Five tips for an expat Thanksgiving

Happy Thanksgiving, everyone! I know some of you are reading this far from the USA, so I thought I’d let you know how I used to make expat Thanksgiving work. I went to college in England, which means that for three years, I had Thanksgiving as an expatriate. To this day, some of those memories remain among my favorites of any Thanksgiving spent anywhere, from realizing students from other programs were Americans and making new friends to my teacher setting the turkey on fire. Here’s how we made expat Thanksgiving work.

1. Invite lots of people.

Yeah, you can get together with that expat couple you know and have an intimate dinner with a turkey theme, but you could do that any night of the year, really. Thanksgiving is about getting together with a whole bunch of people, many of whom you don’t normally dine with. Go big or go home. Find out which of your friends has the biggest place and demand to colonize it in the name of Barack Obama for the day.

2. Let everyone cook.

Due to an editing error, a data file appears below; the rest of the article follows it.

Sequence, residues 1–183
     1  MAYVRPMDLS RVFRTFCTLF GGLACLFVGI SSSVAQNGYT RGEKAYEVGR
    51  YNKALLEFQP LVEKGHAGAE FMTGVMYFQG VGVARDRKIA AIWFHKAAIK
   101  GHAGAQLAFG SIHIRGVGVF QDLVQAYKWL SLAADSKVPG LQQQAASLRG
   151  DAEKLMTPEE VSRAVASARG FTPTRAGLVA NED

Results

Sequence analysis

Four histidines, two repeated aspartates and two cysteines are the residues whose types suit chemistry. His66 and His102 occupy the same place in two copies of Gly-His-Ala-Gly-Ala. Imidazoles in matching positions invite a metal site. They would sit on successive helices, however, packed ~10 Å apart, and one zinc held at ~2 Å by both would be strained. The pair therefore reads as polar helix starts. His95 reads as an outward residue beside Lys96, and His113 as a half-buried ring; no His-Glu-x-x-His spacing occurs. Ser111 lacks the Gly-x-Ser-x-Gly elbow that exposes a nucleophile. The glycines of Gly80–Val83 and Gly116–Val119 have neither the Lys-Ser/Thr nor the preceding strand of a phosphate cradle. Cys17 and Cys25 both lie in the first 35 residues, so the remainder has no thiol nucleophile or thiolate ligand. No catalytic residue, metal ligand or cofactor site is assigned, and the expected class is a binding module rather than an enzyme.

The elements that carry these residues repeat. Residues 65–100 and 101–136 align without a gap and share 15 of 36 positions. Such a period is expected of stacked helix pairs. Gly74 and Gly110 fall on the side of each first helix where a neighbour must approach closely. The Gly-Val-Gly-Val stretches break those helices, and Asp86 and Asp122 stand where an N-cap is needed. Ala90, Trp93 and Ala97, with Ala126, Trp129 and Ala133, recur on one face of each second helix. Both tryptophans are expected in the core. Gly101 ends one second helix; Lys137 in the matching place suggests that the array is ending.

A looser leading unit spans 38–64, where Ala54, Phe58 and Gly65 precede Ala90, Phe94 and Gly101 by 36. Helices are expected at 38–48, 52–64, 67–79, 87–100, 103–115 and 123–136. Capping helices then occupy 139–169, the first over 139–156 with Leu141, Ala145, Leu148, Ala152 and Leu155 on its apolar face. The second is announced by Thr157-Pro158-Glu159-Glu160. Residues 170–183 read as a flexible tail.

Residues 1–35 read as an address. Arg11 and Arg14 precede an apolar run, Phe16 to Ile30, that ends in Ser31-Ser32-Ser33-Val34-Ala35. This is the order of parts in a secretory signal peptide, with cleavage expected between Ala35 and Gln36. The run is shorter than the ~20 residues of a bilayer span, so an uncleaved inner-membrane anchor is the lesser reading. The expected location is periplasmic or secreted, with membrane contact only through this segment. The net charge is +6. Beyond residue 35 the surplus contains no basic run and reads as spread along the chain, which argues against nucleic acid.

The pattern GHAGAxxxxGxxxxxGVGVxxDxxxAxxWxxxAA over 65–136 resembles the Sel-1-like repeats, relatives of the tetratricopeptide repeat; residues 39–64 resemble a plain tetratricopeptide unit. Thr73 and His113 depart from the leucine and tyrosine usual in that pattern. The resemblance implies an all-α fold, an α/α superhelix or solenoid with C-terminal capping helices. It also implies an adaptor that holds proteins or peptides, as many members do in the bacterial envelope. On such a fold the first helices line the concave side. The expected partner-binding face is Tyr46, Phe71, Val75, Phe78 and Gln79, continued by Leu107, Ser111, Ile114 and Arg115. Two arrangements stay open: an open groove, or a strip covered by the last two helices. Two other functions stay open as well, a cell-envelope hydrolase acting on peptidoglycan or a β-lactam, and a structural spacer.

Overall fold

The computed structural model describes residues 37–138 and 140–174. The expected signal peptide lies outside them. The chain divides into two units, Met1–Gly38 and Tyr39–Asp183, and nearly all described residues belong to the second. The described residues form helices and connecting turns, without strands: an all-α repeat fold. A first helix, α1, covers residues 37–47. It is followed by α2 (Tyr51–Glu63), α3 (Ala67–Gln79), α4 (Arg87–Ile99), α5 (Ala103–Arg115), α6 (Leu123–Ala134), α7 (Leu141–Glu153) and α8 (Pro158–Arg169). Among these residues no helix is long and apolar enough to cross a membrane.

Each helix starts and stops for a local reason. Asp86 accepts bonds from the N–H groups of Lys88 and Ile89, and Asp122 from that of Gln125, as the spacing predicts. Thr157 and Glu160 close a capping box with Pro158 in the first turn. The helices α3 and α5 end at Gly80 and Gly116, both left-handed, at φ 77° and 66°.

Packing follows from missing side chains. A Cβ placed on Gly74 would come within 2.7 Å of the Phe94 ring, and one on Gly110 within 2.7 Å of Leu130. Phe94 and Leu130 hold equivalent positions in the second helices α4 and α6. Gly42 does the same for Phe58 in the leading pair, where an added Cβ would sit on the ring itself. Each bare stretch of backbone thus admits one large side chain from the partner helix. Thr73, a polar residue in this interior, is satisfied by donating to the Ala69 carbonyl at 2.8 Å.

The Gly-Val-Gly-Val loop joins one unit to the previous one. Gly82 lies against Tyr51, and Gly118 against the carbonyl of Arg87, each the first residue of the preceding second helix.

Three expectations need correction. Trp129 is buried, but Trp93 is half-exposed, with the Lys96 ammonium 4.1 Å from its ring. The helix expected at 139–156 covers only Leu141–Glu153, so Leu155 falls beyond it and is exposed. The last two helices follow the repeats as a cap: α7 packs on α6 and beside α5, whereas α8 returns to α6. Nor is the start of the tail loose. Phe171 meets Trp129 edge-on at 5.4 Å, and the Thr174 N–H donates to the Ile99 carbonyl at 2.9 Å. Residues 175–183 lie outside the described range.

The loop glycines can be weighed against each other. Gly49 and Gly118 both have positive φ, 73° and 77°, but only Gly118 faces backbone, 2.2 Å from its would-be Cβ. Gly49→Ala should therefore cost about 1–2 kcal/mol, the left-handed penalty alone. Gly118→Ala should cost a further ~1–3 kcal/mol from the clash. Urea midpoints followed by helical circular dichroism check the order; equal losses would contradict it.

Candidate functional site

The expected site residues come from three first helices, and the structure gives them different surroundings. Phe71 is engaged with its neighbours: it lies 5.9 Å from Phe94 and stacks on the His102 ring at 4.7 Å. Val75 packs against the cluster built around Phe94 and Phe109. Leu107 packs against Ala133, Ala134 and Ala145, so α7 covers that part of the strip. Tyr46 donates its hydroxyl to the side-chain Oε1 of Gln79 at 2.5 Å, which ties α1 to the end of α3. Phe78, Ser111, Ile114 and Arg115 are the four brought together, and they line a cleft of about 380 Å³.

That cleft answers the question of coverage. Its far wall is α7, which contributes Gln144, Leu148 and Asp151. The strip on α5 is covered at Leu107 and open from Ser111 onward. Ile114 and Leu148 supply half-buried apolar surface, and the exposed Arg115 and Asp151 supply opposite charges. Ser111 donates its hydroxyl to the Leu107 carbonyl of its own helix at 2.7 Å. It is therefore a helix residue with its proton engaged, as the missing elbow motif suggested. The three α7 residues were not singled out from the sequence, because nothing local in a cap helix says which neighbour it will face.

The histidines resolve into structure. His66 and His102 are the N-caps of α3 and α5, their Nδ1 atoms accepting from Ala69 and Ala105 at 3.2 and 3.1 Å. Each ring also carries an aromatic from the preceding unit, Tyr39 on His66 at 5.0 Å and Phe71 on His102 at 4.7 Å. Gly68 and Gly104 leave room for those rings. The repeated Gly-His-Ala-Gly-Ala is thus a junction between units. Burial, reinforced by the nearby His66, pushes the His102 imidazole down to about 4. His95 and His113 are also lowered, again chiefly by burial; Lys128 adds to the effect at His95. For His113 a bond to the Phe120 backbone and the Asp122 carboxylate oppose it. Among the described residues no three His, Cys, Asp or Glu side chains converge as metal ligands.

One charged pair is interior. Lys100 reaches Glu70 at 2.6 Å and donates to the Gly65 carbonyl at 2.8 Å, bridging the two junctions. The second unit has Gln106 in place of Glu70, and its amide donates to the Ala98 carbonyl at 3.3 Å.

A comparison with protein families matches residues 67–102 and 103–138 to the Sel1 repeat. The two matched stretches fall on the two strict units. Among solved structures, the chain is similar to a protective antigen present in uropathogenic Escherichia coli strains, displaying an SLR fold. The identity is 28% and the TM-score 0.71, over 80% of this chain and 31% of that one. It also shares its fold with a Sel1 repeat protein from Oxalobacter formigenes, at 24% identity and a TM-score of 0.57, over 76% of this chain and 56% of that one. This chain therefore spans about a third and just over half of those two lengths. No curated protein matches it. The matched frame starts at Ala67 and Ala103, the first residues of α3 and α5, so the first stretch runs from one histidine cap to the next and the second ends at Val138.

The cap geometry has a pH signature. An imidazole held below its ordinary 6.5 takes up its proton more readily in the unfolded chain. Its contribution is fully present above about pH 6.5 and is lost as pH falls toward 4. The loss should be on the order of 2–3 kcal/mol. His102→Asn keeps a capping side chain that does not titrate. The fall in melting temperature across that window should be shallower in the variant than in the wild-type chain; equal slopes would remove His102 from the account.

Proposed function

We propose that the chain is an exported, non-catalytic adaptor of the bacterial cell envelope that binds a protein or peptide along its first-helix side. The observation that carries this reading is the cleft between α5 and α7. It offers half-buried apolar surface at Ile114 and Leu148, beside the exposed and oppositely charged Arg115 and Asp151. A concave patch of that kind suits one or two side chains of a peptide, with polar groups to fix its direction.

Cooking is something everyone associates with Thanksgiving, so make your expat Thanksgiving a potluck. Be sure and assign dishes, or let people volunteer and keep a list, so that you don’t end up with all cranberry sauce. Everyone will arrive with something delicious in hand and in the right mood for the festivities.3. Invite some non-Americans (but not too many).

When I was in college, this was an accident every year, as my teacher would try kindly to invite American students who weren’t in his class. Due to this last-minute “I think she’s American” rush, we’d always end up with someone Welsh or Norwegian. It actually made the day more fun, as the Americans would all explain (and fight over) the meaning of the Thanksgiving tradition. Plus, outnumbering a foreigner for once felt fantastic — so don’t invite too many.

4. Have some non-traditional dishes.

Don’t limit yourselves to Thanksgiving foods; cover the basics of course, but invite guests to bring any favorite American food. Why not? It’s time to liberate that last, clung-to box of Kraft Mac & Cheese and share it with your broheim.

5. Don’t forget the entertainment.

If you can catch football via satellite, great, but keep in mind this doesn’t serve everyone. Be sure to have a selection of American movies on hand. For our parties, we watched tape after tape of The Daily Show, dying with laughter over the long-missed American humor and talking with each other, other Americans, about the issues back home. It was wonderful.

[Photo by ilovebutter via Flickr.]